Prêt à parler français?
George Sharpley looks at the traditional entente cordiale
between the two languages: French and English
What do the French mean to you? Elegant and richly-perfumed Parisiennes? Suave and articulate football managers? Or farmers gesticulating about the price of cheese? Imitation helps you learn a language. It’s also
– a form of flattery. So whatever the stereotype, take any French person whom you wouldn’t mind resembling, and mimic unmercifully until thoroughly flattered.
The French study philosophy at school and have a long tradition of eminent philosophers: Descartes, Sartres, Cantona, not to mention all the highly philosophical French tutors now teaching with Lingua. A philosopher, as we all know, is a clever clogs who makes a virtue out of ignorance. So stand in front of the mirror, and all at once raise your eyebrows, shoulders and upturned palms
– saying aloud in no particular order:
Je sais pas "ssh’ay pah" I dunno
Peut-être "p’t-ettre" Maybe
Bof! Give me a couple of minutes to think about it
The French like a compliment. You don’t have to mean it, but try to sound as though you do. Like their food and clothes and other ways they express themselves, French people serve up their lives with positive energy and fulsome praise. It’s in their culture, a test of their ability to be poetic. The British make a national habit out of understatement, while the French prefer the opposite. They may sometimes seem insincere, but our understatement can be every bit as misleading (how many times have you said ‘yes but’ when you meant no? or ‘with respect’ when you meant ‘you’re an idiot’?). So practise now with your friends or family:
J’adore "zh’adore" I adore ...
C’est magnifique "say mang-ni-feek" Top stuff!
Avec plaisir "Avec play-zeer" My pleasure
Of course, people who are easily pleased are often as easily displeased. Much as French people like a compliment, sometimes they can seem a bit dismissive. English expressions like ‘That’s not quite what we’re looking for’ tend to be expressed more directly in French.
Every culture has its particular form of greeting. The British are noted for sharing a mild grumble about the weather. In France il pleut almost as much (with a bit more thunder and lightning) and on a good day il fait beau, or if you’re lucky il fait très beau. But they seldom talk about it quite like we do.
There are things to look out for when you meet French people for the first time. They prefer surnames and titles (Madame, Monsieur) to plunging into first-name familiarity, but at the same time they kiss. And while all that is going on they always, whether greeting or departing, with whoever it is, however often they’ve met them before, shake hands. Meetings pause, meals stop, the world waits for every Jacques and Henri to grasp the palm. If Josephine is there too, expect some kissing. Even if she isn’t, the men may touch cheeks
– it’s more a brush of the face than a full lips how-do-you-do.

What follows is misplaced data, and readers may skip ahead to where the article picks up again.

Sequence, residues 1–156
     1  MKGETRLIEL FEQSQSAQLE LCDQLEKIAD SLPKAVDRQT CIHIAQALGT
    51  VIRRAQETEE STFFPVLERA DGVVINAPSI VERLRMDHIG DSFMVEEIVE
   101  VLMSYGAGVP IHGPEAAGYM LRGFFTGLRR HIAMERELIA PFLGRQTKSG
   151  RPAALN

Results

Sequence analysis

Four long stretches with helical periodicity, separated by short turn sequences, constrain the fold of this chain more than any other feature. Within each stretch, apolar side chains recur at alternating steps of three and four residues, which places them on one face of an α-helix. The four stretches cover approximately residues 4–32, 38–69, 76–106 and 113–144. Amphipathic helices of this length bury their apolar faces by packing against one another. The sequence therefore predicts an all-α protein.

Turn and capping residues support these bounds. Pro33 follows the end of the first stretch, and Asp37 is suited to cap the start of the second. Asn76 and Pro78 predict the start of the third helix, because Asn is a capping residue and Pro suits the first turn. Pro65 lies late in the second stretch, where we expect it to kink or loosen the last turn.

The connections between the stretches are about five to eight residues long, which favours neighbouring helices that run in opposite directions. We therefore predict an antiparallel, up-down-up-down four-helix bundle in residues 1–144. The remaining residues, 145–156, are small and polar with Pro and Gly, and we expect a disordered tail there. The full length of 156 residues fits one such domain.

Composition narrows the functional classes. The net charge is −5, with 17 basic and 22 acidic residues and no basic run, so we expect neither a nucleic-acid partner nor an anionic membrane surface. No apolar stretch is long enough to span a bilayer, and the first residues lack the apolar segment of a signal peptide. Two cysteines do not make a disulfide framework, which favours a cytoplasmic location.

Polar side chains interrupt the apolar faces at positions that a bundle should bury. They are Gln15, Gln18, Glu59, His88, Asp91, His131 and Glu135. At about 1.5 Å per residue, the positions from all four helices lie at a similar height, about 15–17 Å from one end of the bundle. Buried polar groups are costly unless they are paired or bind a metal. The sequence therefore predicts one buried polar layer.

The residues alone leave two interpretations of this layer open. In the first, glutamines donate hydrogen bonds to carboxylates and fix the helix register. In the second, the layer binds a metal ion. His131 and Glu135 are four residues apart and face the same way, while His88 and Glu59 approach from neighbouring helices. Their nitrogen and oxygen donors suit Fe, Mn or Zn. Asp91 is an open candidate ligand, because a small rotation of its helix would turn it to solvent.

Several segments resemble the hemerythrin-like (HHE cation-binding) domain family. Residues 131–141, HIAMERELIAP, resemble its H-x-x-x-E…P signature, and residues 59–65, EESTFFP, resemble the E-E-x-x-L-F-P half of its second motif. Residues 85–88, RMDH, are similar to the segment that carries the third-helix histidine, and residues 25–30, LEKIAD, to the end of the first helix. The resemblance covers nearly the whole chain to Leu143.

And don’t forget their titles. Walk into a boulangerie to buy some bread and the shop assistant will greet you ‘Monsieur?’, and you her ‘Madame’. These titles are easy to remember, and can be used with everyone, so long as you get the gender right. When the French aristocrats lost their heads during the French Revolution we might have expected an outbreak of first-names all round; but after all that guillotining, the liberated paysans preferred the dignity of Monsieur and Madame.
Bonjour is 'hello' for all seasons and times, bonsoir at dusk or later. Au revoir is 'goodbye', with any number of other valedictories:
à bientôt "ah-be-an-toe" See you soon (you don’t know how soon)
à plus tard "ah-plu-tar" See you later (but sooner than soon)
à samedi "ah-sam-edy" See you on Saturday
bonne nuit "bon-nwee" Good night (when going to bed - to sleep)
On parting in the morning the French may say bonne matinée (have a good morning) or more usually bonne journée (have a good day) and in the evening bonne soirée. The British don’t say anything quite like this, but you can see where Americans got ‘Have a nice day’ from.
Le boeuf et le sandwich
There’s no magic potion or electronic chip to give you instant knowledge. The good news is that you know lots of French words already, for in the course of time a great many have been added to English, a plundering process we started after the Norman Conquest and have continued ever since. The histories of Britain and France are inseparably linked, a series of punch-ups which started (officially) at Hastings in 1066 and flared up at regular intervals throughout the following centuries. Both sides claimed to have won, as of course they would. What cannot be doubted is that the English, when they weren’t under the cosh of their aloof, undisciplined, temperamental and artistic foes, tried to be like them. In the years after the Norman Conquest, dark days for the English, all the clever and influential people spoke French except when they were bored and then they spoke Latin.